In this issue:
Legislature proposes hospital Medicaid surcharge to fill budget holes
The Minnesota House of Representatives has developed a plan to fund its other spending priorities on the backs of hospitals. The omnibus Health and Human Services bill (H.F. 1233) includes an increase in the Medicaid surcharge assessed on hospital net revenues, excluding Medicare revenue and provision for bad debts. MHA has testified in opposition to the surcharge increase.
Below is a summary of the surcharge provision proposed by Health and Human Services Finance Committee Chair Tom Huntley (DFL-Duluth). MHA has not provided any technical assistance or input to Rep. Huntley or others, and we are still studying the proposal to try to understand it more fully. Our summary is based on the fiscal note prepared by the Department of Human Services.
- The bill would increase the surcharge from 1.56 percent under current law to 2.68 percent beginning July 1, 2013 for non-governmental hospitals. This surcharge increase would raise $202.3 million in new money during the biennium.
- The bill would increase non-governmental hospital inpatient fee-for-service payment rates by 30 percent. Assuming this increase could be paid to hospitals without hitting Medicaid’s upper payment limit, which prevents Medicaid payments calculated on a group basis from exceeding those by Medicare, this would “pay back” $193.9 million to hospitals, including the federal match. However, we believe that hospitals may hit their upper payment limit and, consequently, the actual “pay back” amount will be less than $193.9 million.
MHA has developed an estimate of individual hospital impacts from this proposal, which represents a best case scenario. If the upper payment limits are reached the net gains on the spreadsheet would be reduced or the net losses would be increased.
MHA sent an advocacy alert on Friday urging members to contact your representatives to oppose this surcharge increase. In doing so, consider not just the impact on your hospital, but also on others around the state.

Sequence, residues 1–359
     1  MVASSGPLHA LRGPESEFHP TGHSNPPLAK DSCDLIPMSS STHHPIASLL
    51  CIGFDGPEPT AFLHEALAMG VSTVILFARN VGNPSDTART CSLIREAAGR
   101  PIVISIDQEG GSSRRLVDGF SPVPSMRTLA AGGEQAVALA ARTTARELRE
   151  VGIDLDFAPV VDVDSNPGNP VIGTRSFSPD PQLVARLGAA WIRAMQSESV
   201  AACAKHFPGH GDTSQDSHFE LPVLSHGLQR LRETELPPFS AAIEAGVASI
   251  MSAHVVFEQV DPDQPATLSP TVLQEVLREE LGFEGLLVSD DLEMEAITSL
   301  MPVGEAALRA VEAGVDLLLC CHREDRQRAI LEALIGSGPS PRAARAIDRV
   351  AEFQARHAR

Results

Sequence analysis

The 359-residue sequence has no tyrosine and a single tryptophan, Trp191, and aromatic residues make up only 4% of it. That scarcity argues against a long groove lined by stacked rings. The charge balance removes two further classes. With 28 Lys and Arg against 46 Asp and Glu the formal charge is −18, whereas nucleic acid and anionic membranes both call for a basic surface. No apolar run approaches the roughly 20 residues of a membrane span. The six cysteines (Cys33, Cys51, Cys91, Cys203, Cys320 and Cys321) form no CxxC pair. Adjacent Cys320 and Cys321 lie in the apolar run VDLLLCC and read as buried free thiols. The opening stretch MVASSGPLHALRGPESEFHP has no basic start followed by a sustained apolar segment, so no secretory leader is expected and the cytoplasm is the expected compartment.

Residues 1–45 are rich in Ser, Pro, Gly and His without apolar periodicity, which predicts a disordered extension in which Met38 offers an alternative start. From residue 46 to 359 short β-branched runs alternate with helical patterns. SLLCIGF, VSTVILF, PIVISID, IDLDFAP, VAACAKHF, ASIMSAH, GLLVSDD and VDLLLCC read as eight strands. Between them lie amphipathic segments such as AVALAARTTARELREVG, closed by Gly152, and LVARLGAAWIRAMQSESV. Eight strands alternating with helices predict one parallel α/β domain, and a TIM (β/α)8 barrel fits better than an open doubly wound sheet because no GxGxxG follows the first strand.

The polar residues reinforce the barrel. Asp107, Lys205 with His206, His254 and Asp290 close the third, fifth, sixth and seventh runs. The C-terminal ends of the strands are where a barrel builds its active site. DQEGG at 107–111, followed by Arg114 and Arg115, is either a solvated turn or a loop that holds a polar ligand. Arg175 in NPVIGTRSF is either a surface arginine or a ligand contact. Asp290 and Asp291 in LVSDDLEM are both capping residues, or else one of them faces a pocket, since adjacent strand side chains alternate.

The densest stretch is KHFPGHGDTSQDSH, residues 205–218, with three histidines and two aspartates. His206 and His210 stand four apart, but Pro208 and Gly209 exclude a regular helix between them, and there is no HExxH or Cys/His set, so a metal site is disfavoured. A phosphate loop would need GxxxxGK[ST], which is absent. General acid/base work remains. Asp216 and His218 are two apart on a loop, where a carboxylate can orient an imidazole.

There are discussions in the Senate about an alternative surcharge proposal. The omnibus Health and Human Services bill is heard this week, and MHA will provide more information as it is available. If you have questions about the impact to your hospital, contact Joe Schindler, MHA vice president of finance, 651-659-1415.^top of page
Discussion on staffing legislation turns to study requirement
Fiscal note includes prescriptive language of data to be collected from hospitals
The discussion about the legislation requiring hospitals to submit staffing plans and for the Minnesota Department of Health to study the correlation between staffing levels and patient outcomes continued last week with a hearing in the House Ways and Means Committee (H.F. 588) and the Senate Health and Human Services Finance Division (S.F. 471).
In both hearings MHA expressed concern over the level of specificity included in the fiscal note and encouraged legislators to let the work group outlined in H.F. 588 determine the direction of the study and what data is needed. With nearly 600,000 inpatients per year in Minnesota hospitals and the fact that patient acuity is constantly changing, the collection of this information would be very cumbersome for hospitals and there is concern over the collection of “patient specific acuity level per shift.” In addition, hospitals already report more than 65 quality measures through the Statewide Quality and Reporting Measurement System that we believe could contribute to this conversation.
H.F. 588, which MHA continues to support, was referred to the House floor, while the Senate HHS Finance Division referred S.F. 471 to the full Senate Finance Committee. MHA will continue to work with legislators to have a fiscal note that reflects what is in the legislation, and to not let it become overly prescriptive.